Supporting Text for 'Facing' by Laurence Lane

Hayley Newman is an extraordinary artist.

She began her performance career in 1994 with the performances Record and Kiss at the monthly night club Nosepaint in London. Her solo performance works have frequently involved physical sound elements presented in direct relation to the body. One such performance was Microphone Skirt.

In 1996 my colleague Paulette Terry Brien and I, were promoting a series of nights of performance, experimental film and soundworks in a Manchester bar. Under the title of The Savage Club we were looking for contemporary work that was appropriate to the times. My education and experience told me that painting and sculpture were irrelevant and that an art more visceral and irreverent was essential at the end of the 20th century. Composer Matt Wand had recently returned from an event in Berlin and insisted that a piece he had witnessed there was essential viewing for an interested Manchester audience. His description of it convinced us that we should put this work on and the live experience of it was greater in every way than the anecdote. The piece was Microphone skirt and still the memory of it makes me smile and sends tingles along my spine. Microphone Skirt is exactly as it is titled. A Velcro belt hung with 20 vocal microphones fixed around Hayley's waist with her dressed ready for a night out. Each of the microphones is plugged into a separate channel of a mixer and amplified through the house PA. For The Savage Club performance Hayley started after a pause in proceedings with no announcement in a busy bar. Standing on a small stage she started gently rotating her hips the sound of the jostling mics bumping and scraping against each other. The conversation quickly lulled and the audience was immediately engaged. As the performance progressed and Hayley reached her groove the amplified crashing and smashing had become a cacophonic music concrete crescendo. It was a truly exhilarating live experience. And I have never forgotten it.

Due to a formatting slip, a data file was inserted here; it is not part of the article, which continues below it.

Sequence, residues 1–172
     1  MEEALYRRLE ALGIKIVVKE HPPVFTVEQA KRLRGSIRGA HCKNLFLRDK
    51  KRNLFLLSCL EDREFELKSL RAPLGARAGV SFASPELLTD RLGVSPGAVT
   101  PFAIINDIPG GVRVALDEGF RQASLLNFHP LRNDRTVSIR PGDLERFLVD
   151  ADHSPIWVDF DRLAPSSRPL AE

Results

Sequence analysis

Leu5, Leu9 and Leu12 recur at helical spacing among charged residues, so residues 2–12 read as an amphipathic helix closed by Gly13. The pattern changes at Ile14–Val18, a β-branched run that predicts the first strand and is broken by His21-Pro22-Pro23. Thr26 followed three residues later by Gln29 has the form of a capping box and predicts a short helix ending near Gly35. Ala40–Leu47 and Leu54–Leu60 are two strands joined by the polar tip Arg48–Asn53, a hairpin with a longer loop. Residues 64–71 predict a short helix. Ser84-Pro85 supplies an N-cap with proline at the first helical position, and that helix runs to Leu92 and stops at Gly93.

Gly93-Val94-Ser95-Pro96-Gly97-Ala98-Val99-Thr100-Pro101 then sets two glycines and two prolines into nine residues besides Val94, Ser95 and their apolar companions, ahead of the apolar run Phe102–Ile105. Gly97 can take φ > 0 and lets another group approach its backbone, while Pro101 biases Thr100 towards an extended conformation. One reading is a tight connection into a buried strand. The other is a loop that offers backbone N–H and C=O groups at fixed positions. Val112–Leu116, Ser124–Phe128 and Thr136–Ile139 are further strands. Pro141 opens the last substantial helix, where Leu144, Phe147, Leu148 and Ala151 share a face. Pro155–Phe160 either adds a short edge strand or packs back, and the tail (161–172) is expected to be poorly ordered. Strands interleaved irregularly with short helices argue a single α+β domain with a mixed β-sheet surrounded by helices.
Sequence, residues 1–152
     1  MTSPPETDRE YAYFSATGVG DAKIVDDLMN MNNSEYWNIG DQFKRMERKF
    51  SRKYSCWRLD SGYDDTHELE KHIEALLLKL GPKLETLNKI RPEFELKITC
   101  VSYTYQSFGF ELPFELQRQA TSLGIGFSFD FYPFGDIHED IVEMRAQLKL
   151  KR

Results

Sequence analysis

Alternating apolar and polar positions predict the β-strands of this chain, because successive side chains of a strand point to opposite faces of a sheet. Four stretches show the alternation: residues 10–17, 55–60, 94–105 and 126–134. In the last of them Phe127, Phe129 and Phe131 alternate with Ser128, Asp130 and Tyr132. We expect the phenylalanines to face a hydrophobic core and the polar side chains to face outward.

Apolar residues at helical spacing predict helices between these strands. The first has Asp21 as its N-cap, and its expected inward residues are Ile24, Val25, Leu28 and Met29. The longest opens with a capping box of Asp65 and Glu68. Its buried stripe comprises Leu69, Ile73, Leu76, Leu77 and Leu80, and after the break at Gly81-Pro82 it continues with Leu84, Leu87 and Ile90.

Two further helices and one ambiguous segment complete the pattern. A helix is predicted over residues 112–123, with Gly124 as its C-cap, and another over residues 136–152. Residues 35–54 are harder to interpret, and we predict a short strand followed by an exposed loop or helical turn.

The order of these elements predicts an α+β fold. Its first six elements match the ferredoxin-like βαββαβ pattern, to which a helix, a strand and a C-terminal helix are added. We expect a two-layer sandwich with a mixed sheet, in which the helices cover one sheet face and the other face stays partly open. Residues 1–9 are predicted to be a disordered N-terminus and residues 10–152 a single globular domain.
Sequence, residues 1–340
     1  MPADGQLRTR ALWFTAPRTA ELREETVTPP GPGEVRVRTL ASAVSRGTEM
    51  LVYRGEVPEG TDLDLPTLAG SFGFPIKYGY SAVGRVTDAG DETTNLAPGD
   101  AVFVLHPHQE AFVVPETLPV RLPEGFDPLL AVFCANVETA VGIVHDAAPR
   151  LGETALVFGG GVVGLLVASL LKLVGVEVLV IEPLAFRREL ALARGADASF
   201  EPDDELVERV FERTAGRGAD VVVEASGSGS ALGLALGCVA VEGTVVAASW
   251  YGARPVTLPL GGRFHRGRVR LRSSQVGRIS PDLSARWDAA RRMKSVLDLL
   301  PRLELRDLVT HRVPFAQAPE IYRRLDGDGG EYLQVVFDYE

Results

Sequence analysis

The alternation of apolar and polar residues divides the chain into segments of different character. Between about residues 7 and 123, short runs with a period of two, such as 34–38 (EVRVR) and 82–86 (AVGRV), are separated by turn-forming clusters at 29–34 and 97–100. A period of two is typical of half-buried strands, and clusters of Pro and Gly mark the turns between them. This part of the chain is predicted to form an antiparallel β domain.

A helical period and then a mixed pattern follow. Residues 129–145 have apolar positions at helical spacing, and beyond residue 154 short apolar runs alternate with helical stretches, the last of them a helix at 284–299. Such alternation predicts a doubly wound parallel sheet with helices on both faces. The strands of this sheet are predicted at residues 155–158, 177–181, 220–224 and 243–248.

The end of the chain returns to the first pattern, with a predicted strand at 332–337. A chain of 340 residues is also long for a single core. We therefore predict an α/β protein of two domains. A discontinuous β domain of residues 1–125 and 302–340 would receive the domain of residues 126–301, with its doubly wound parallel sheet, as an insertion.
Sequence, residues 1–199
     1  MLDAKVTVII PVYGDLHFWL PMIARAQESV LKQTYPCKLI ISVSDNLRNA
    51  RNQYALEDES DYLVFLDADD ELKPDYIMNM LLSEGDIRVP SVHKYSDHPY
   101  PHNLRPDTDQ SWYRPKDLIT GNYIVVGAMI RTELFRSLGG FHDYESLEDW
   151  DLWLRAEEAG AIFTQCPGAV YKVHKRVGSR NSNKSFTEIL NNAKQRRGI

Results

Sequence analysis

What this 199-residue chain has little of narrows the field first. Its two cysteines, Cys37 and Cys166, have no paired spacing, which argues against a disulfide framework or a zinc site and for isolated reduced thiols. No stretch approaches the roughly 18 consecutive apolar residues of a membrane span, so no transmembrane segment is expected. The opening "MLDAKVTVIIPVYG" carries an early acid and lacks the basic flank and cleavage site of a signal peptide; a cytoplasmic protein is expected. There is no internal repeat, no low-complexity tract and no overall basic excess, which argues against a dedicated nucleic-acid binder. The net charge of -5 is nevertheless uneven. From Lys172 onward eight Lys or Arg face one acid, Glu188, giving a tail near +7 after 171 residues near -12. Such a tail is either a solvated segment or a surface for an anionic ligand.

This initial relationship led to Paulette and I working with Hayley on several other projects and we always found the process and the final project touching, absurd, ridiculous, beautiful and thoughtful.

Since our last collaboration Hayley has completed her PhD, curated events and inaugurated the self-help group Capitalists Anonymous (CA), a forum for people to come and confess their capitalist tendencies.

Hayley has written that she is committed to working creatively around the current economic, social and ecological crises and with this energy has recently concentrated on her collaboration with Gina Birch and Kaffe Matthews as The Gluts. This all-female collective was formed in 2009, at the Copenhagen Climate Summit. A statement from their website is worth quoting:

"The Gluts resist the current dismantling of culture and our welfare state – market-led solutions, corporate greed, millionaire government types, capitalism and their roles within climate change and its ongoing effect on our world and people. We want life, not death: education not poverty: fulfillment not oppression. We want libraries with books in them, a healthy health service and a global commons for everyone to share and enjoy, now and in the future!"

Hayley is also working on an artists' book based on her experiences as 'Self-appointed Artist in Residence' in The City of London which is to be published by Copy Press in 2012.

I can't guarantee that the performance that has been commissioned for Between will be as memorable as Microphone Skirt, but there is a good chance.